“The intent of [each] COMMEX is to test and exercise interoperable communications (federal/state/local/tribal/amateur) during a major disaster, where communications infrastructure would be significantly damaged or destroyed,” a FEMA Region X announcement said. FEMA Region X will use the call sign WGY910. Others taking part in these exercises will include, but are not limited to, other FEMA stations, SHARES stations, and Air Force and Army MARS stations. All stations are encouraged to participate.
The COMMEX will use the five 60-meter channels: 5,330.5 kHz, 5,346.5 kHz, 5,357.0 kHz, 5,371.5 kHz, and 5,403.5 kHz. The area of operation is the Continental US
QRP Fox Hunt 0200Z-0330Z, Feb 1
+ Phone Fray 0230Z-0300Z, Feb 1
+ CWops Mini-CWT Test 1300Z-1400Z, Feb 1 and
1900Z-2000Z, Feb 1 and
0300Z-0400Z, Feb 2
+ UKEICC 80m Contest 2000Z-2100Z, Feb 1 + NRAU 10m Activity Contest 1800Z-1900Z, Feb 2 (CW) and
1900Z-2000Z, Feb 2 (SSB) and
2000Z-2100Z, Feb 2 (FM) and
2100Z-2200Z, Feb 2 (Dig)
+ NCCC RTTY Sprint 0145Z-0215Z, Feb 3
+ QRP Fox Hunt 0200Z-0330Z, Feb 3
+ NCCC Sprint Ladder 0230Z-0300Z, Feb 3
+ YLRL YL-OM Contest 1400Z, Feb 3 to 0200Z, Feb 5 + Triathlon DX Contest 0000Z-0759Z, Feb 4 (CW) and
0800Z-1559Z, Feb 4 (SSB) and
1600Z-2359Z, Feb 4 (RTTY)
+ Vermont QSO Party 0000Z, Feb 4 to 2400Z, Feb 5
+ 10-10 Int. Winter Contest, SSB 0001Z, Feb 4 to 2359Z, Feb 5
+ Black Sea Cup International 1200Z, Feb 4 to 1159Z, Feb 5
+ F9AA Cup, CW 1200Z, Feb 4 to 1200Z, Feb 5
+ FYBO Winter QRP Sprint 1400Z-2400Z, Feb 4
+ Minnesota QSO Party 1400Z-2400Z, Feb 4
+ British Columbia QSO Party 1600Z, Feb 4 to 0400Z, Feb 5
+ AGCW Straight Key Party 1600Z-1900Z, Feb 4
+ FISTS Winter Slow Speed Sprint 1700Z-2100Z, Feb 4
+ Mexico RTTY International Contest 1800Z, Feb 4 to 1759Z, Feb 5
+ North American Sprint, CW 0000Z-0400Z, Feb 5
+ ARS Spartan Sprint 0200Z-0400Z, Feb 7
+ QRP Fox Hunt 0200Z-0330Z, Feb 8
+ Phone Fray 0230Z-0300Z, Feb 8
+ CWops Mini-CWT Test 1300Z-1400Z, Feb 8 and
1900Z-2000Z, Feb 8 and
0300Z-0400Z, Feb 9
+ NCCC RTTY Sprint 0145Z-0215Z, Feb 10
+ QRP Fox Hunt 0200Z-0330Z, Feb 10
+ NCCC Sprint Ladder 0230Z-0300Z, Feb 10
+ CQ WW RTTY WPX Contest 0000Z, Feb 11 to 2359Z, Feb 12
+ SARL Field Day Contest 1000Z, Feb 11 to 1000Z, Feb 12
+ Asia-Pacific Spring Sprint, CW 1100Z-1300Z, Feb 11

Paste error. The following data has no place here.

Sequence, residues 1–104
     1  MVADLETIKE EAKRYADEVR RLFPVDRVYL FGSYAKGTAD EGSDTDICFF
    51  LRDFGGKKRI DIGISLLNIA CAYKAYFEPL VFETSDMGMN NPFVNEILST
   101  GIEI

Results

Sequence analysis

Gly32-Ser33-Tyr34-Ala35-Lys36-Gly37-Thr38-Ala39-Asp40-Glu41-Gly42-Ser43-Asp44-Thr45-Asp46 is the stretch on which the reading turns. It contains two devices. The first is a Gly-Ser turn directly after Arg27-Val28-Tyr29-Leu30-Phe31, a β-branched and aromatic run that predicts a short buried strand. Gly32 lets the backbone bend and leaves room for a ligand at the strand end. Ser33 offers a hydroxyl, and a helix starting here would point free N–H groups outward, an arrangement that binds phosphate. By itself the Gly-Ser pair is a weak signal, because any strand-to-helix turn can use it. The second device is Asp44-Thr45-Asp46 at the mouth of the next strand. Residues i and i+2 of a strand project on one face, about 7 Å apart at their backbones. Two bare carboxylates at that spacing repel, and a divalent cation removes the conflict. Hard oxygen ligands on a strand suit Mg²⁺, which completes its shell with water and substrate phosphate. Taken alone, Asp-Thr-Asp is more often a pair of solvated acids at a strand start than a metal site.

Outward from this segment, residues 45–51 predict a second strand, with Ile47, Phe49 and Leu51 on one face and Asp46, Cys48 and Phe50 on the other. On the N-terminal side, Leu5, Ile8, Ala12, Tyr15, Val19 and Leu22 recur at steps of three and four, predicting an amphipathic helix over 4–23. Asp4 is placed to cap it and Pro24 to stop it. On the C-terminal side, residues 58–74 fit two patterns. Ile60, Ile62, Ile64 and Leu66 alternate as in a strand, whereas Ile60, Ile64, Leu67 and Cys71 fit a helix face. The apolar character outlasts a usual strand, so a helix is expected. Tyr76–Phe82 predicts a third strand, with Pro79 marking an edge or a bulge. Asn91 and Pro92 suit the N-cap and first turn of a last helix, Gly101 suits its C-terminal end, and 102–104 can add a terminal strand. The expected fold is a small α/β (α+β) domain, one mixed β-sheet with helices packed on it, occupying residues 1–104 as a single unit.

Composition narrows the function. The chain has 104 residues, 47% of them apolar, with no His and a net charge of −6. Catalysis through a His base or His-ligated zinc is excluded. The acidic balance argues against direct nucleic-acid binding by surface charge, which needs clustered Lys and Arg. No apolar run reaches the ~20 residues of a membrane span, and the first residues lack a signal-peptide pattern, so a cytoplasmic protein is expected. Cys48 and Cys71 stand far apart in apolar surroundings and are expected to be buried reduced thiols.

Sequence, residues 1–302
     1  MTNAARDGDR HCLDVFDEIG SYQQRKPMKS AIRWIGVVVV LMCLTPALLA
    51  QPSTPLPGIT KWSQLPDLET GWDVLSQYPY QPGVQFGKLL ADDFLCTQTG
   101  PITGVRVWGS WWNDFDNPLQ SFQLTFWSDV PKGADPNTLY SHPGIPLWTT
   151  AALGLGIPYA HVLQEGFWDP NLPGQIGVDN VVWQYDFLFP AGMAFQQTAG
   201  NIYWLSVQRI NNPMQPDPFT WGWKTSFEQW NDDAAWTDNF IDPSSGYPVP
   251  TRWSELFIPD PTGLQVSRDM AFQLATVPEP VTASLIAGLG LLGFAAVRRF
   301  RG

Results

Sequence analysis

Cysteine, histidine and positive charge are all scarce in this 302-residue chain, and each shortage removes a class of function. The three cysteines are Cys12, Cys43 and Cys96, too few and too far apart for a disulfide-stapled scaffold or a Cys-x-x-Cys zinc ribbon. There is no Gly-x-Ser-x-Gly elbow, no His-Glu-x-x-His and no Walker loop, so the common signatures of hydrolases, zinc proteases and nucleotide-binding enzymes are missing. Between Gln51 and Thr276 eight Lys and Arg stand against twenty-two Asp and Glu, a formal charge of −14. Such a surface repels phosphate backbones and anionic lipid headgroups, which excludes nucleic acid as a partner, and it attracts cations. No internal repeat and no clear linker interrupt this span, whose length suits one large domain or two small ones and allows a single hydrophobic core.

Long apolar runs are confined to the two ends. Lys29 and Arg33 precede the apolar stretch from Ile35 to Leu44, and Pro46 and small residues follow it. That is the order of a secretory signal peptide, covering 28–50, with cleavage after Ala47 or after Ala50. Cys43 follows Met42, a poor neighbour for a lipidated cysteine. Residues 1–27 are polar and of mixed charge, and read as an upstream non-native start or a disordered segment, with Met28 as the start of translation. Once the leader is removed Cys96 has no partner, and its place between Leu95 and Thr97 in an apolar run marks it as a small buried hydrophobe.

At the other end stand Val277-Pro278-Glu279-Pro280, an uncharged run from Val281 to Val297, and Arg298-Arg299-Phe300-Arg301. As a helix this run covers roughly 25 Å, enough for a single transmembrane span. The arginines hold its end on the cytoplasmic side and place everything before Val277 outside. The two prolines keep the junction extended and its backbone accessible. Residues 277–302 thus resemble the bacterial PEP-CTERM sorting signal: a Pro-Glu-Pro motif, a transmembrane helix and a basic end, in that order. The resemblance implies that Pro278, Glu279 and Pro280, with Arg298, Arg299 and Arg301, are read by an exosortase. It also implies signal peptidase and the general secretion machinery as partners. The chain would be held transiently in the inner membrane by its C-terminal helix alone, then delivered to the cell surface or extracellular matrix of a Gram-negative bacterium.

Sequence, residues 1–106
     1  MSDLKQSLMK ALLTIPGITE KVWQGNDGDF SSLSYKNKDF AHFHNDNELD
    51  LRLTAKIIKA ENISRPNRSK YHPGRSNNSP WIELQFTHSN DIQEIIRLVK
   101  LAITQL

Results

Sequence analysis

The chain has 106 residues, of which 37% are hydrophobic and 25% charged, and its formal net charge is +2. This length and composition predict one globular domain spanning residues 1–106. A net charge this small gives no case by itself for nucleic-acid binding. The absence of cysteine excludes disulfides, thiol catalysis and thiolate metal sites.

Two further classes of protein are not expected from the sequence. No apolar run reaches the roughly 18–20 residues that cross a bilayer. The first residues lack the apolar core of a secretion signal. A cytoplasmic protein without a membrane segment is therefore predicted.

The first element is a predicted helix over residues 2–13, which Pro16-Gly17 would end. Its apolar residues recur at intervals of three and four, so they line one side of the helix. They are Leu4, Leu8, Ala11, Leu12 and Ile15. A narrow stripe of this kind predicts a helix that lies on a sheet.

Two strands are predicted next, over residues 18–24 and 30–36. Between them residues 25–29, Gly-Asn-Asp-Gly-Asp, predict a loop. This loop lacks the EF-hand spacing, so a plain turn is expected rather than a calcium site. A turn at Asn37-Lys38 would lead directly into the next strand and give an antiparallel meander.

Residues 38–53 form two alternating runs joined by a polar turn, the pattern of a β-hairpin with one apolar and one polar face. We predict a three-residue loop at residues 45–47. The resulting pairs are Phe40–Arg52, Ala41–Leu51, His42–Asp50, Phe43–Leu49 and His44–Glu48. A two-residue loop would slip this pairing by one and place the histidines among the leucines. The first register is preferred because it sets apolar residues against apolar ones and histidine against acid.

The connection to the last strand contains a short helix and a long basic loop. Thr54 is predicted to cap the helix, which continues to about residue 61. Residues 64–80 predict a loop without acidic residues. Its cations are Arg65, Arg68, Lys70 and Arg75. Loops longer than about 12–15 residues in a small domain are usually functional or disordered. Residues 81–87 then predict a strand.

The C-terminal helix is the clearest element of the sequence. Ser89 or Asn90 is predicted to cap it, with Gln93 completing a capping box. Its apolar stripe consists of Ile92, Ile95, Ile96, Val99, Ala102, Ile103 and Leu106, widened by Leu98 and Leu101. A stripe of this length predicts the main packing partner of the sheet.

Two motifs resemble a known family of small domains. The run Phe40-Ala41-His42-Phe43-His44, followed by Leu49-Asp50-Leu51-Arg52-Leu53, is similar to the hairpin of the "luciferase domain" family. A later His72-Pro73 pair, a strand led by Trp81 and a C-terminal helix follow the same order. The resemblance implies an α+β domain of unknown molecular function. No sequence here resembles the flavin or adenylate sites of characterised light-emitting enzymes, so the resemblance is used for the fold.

+ Dutch PACC Contest 1200Z, Feb 11 to 1200Z, Feb 12
+ SKCC Weekend Sprintathon 1200Z, Feb 11 to 2400Z, Feb 12
+ KCJ Topband Contest 1200Z, Feb 11 to 1200Z, Feb 12
+ OMISS QSO Party 1500Z, Feb 11 to 1500Z, Feb 12
+ New Hampshire QSO Party 1600Z, Feb 11 to 2200Z, Feb 12
+ FISTS Winter Unlimited Sprint 1700Z-2100Z, Feb 11
+ AWA Amplitude Modulation QSO Party 2300Z, Feb 11 to 2300Z, Feb 12
+ Balkan HF Contest 1200Z-1800Z, Feb 12
+ CQC Winter QSO Party 0100Z-0259Z, Feb 13
+ ARRL School Club Roundup 1300Z, Feb 13 to 2359Z, Feb 17
+ PODXS 070 Club Valentine Sprint 0000Z-2359Z, Feb 14
+ QRP Fox Hunt 0200Z-0330Z, Feb 15
+ Phone Fray 0230Z-0300Z, Feb 15
+ CWops Mini-CWT Test 1300Z-1400Z, Feb 15 and
1900Z-2000Z, Feb 15 and
0300Z-0400Z, Feb 16
+ AGCW Semi-Automatic Key Evening 1900Z-2030Z, Feb 15
+ NCCC RTTY Sprint 0145Z-0215Z, Feb 17
+ QRP Fox Hunt 0200Z-0330Z, Feb 17
+ NCCC Sprint Ladder 0230Z-0300Z, Feb 17
+ ARRL Inter. DX Contest, CW 0000Z, Feb 18 to 2400Z, Feb 19
+ Novice Rig Roundup 0000Z, Feb 18 to 2400Z, Feb 26
+ SARL Youth Day Sprint 0800Z-1000Z, Feb 18
+ Russian PSK WW Contest 1200Z, Feb 18 to 1159Z, Feb 19
+ Feld Hell Sprint 1900Z-2059Z, Feb 18
+ Run for the Bacon QRP Contest 0200Z-0400Z, Feb 20
+ SKCC Sprint 0000Z-0200Z, Feb 22
+ NAQCC CW Sprint 0130Z-0330Z, Feb 22
+ QRP Fox Hunt 0200Z-0330Z, Feb 22
+ Phone Fray 0230Z-0300Z, Feb 22
+ CWops Mini-CWT Test 1300Z-1400Z, Feb 22 and
1900Z-2000Z, Feb 22 and
0300Z-0400Z, Feb 23
+ UKEICC 80m Contest 2000Z-2100Z, Feb 22
+ NCCC RTTY Sprint 0145Z-0215Z, Feb 24
+ QRP Fox Hunt 0200Z-0330Z, Feb 24
+ NCCC Sprint Ladder 0230Z-0300Z, Feb 24
+ CQ 160-Meter Contest, SSB 2200Z, Feb 24 to 2200Z, Feb 26
+ REF Contest, SSB 0600Z, Feb 25 to 1800Z, Feb 26
+ UBA DX Contest, CW 1300Z, Feb 25 to 1300Z, Feb 26
+ South Carolina QSO Party 1500Z, Feb 25 to 0159Z, Feb 26
+ North American QSO Party, RTTY 1800Z, Feb 25 to 0559Z, Feb 26
+ High Speed Club CW Contest 0900Z-1100Z, Feb 26 and
1500Z-1700Z, Feb 26 + SARL Digital Contest 1300Z-1600Z, Feb 26
+ North Carolina QSO Party 1500Z, Feb 26 to 0059Z, Feb
The website update for the February meeting was missed due to Technical dificuties. Sorry !